New Cybersecurity Legislation Introduced in the Senate

As I noted a few weeks ago, Senators Jay Rockefeller (D-W.Va.), Olympia Snowe (R-Maine) and Bill Nelson (D-Fla.) were drafting new cybersecurity legislation.  Last week the Senators introduced two bills.  The first, S.778 (text of the bill not yet available), would establish an Office of National Security Advisor within the Executive Office of the President.  The second, S.773 (text of the bill not yet available), entitled the Cybersecurity Act of 2009, gives the President the power to limit or shut down Internet traffic to and from any federal government or United States infrastructure network.  The other provisions of the legislation are summarized in my previous post.

Whether the legislation has any chance of passing remains to be seen.  However, some groups are already criticizing aspects of the legislation.  The President of the Center for Democracy and Technology, for example, has stated "[t]he cybersecurity threat is real, but such a drastic federal intervention in private communications technology and networks could harm both security and privacy."  The bills have been referred to the Committee on Homeland Security and Government Affairs.

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One thought on “New Cybersecurity Legislation Introduced in the Senate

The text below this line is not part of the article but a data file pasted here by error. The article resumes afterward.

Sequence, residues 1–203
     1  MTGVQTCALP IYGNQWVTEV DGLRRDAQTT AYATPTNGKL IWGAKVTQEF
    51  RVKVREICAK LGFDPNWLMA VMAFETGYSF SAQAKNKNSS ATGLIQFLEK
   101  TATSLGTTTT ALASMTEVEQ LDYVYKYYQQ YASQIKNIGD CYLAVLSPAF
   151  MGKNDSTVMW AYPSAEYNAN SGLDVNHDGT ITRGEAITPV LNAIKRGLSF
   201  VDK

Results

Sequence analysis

1. On the surface, the recent attention to cybersecurity sounds laudable.
    However, I believe it is in part meant to pave the way for passage of S.773 ( http://tinyurl.com/d8o345 ) which will allow President and Secretary of Commerce to
    a) define and re-define the “critical cyber infrastructure” and
    b) “have access to all relevant data concerning such networks without regard to any provision of law, regulation, rule, or policy restricting such access.” (Sec 14. Public-Private Clearinghouse).
    This is much more than just “turning off the internet” when the President wants to. This is invasion of privacy.
    If U.S. citizens value corporate or personal privacy, they should write your congress-person(s) and demand this bill be defeated and recognize the risks of the allure of the “cybersecurity” rhetoric.

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